Request Request Appointment Like Us Like us on Facebook Reviews Read Our Reviews Call Give us a Call Map View our Map

3 Dental Emergencies that Cause Facial Pain

February 22, 2023

Filed under: Uncategorized — drcoleman @ 4:00 am
a woman visiting her dentist regarding her facial pain

Are you experiencing pain near your forehead, cheeks, or mouth? While many people think of things such as a knocked-out tooth when it comes to dental emergencies,  major facial discomfort is a sign you need help, too! Facial pain that is related to your teeth is not only hard to deal with during your everyday activities, but it could also be putting you at risk for more serious health issues. Read on to learn about three dental emergencies that cause facial discomfort.

#1. A Tooth Infection

When an infection of the soft tissues of your inner tooth (pulp) occurs, you have a tooth infection (also known as a dental abscess). When you have an untreated cavity, gum disease, or injury, your pearly whites are susceptible to further damage. These issues can lead to bacteria seeping into your tooth’s nerves and blood vessels, causing facial pain in the cheeks.

These are the signs of an abscessed tooth:

  • Tooth or gum sensitivity
  • Swollen, inflamed, or red gums
  • Throbbing, persistent, or chewing pain
  • Fatigue and/or fever
  • A bitter taste in the mouth

#2. A Dry Socket

Have you recently had to have a tooth removed? If you’re experiencing pain in the area of the missing tooth, it could be due to a condition called dry socket. When the blood clot isn’t properly formed around the surgical site, it leaves the nerves and bone tissue of your mouth exposed. A dry socket needs to be treated by your dentist as soon as possible to ensure the extraction site heals properly. Not only will this help you manage your facial discomfort, but it will also promote healthy bone growth in the area.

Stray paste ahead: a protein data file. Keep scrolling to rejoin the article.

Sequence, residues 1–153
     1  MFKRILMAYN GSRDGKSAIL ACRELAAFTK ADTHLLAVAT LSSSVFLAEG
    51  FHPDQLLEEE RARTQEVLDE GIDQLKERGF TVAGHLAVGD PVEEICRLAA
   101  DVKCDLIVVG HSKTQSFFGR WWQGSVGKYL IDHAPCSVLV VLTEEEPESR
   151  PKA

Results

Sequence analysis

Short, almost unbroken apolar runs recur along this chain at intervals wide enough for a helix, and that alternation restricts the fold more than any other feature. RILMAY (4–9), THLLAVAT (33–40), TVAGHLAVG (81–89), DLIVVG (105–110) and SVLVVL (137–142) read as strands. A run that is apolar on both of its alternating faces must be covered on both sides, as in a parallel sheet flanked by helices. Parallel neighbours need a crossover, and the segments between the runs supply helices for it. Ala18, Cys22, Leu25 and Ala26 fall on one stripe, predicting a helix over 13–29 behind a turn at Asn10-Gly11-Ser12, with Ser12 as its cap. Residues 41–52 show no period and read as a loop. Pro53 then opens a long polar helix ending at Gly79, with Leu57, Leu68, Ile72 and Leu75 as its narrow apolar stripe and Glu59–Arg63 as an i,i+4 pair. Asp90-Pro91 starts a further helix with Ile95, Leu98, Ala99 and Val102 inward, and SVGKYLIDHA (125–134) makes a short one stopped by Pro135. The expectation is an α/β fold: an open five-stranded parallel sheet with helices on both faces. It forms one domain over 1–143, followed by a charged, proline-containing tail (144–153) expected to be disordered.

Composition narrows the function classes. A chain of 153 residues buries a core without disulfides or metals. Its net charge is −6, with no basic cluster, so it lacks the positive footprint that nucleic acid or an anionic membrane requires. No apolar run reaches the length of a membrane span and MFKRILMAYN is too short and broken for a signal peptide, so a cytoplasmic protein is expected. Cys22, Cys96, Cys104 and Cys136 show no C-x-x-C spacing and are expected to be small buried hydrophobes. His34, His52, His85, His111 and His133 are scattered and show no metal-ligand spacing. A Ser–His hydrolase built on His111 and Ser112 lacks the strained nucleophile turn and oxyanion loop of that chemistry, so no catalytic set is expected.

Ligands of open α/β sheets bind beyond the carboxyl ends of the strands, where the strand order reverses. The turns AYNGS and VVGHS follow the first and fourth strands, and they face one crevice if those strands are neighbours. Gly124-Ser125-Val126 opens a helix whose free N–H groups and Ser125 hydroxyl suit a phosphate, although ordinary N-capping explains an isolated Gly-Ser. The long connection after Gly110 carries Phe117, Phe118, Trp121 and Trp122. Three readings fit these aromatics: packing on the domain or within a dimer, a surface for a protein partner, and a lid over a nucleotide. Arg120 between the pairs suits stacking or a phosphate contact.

The most common indications of a dry socket are persistent discomfort from the extraction area, a foul taste in the mouth, bad breath, and the visible loss of the blood clot.

#3. Temporomandibular Joint Disorders (TMD)

The temporomandibular joint connects your jaw to your skull, allowing movement of your jaw to speak and chew your food. An oral health condition that hinders this joint from fully functioning is generally referred to as a temporomandibular joint disorder (TMD).

The symptoms of this issue include:

  • Clicking sounds whenever you open or close your jaw
  • Discomfort or pain around your jaw when talking or eating
  • A misaligned bite
  • Limited jaw mobility
  • Swelling or inflammation in the jaw
  • Fatigue

If you are experiencing pain in any area of your face, it’s time to visit your emergency dentist so they can get to the root of your issue. You will not only be able to return to a healthy smile as soon as possible but ensure your oral health is in top condition!

About the Author

Dr. Jasmine King and her team at Summer Creek Dentistry keep the smiles of Fort Worth whole and healthy! She earned her Doctor of Dental Surgery from The University of Tennessee College of Dentistry and is an active member of several associations, including the American Dental Association. By coupling high-quality services with advanced dental technology, she can assist you with any unexpected dental event. To schedule an appointment, contact her through her website or call (817) 292-7488.